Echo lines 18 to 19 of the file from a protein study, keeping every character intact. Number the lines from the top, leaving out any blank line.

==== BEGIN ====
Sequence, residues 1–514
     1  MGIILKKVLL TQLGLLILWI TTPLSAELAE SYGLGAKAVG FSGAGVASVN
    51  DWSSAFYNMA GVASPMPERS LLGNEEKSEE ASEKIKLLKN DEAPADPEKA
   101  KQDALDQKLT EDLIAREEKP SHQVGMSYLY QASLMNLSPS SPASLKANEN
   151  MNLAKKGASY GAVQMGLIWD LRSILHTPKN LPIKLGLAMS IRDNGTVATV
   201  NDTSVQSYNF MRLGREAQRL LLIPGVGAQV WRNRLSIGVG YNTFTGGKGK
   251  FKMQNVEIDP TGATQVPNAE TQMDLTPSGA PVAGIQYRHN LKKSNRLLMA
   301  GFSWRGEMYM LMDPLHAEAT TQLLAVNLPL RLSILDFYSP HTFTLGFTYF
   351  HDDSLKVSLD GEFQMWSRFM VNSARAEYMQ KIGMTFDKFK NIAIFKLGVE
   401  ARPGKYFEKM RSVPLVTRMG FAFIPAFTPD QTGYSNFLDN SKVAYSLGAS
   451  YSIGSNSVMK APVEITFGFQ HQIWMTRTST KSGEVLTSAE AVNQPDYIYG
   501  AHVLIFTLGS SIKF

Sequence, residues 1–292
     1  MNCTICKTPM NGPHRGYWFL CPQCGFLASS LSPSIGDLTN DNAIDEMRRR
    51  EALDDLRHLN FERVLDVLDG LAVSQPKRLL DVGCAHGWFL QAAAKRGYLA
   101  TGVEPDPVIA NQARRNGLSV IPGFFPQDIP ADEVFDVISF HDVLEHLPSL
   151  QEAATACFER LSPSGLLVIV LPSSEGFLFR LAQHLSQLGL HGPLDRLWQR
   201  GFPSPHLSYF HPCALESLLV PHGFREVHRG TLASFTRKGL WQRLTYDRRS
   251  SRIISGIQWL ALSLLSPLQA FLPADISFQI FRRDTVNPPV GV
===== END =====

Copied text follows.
   201  GFPSPHLSYF HPCALESLLV PHGFREVHRG TLASFTRKGL WQRLTYDRRS
   251  SRIISGIQWL ALSLLSPLQA FLPADISFQI FRRDTVNPPV GV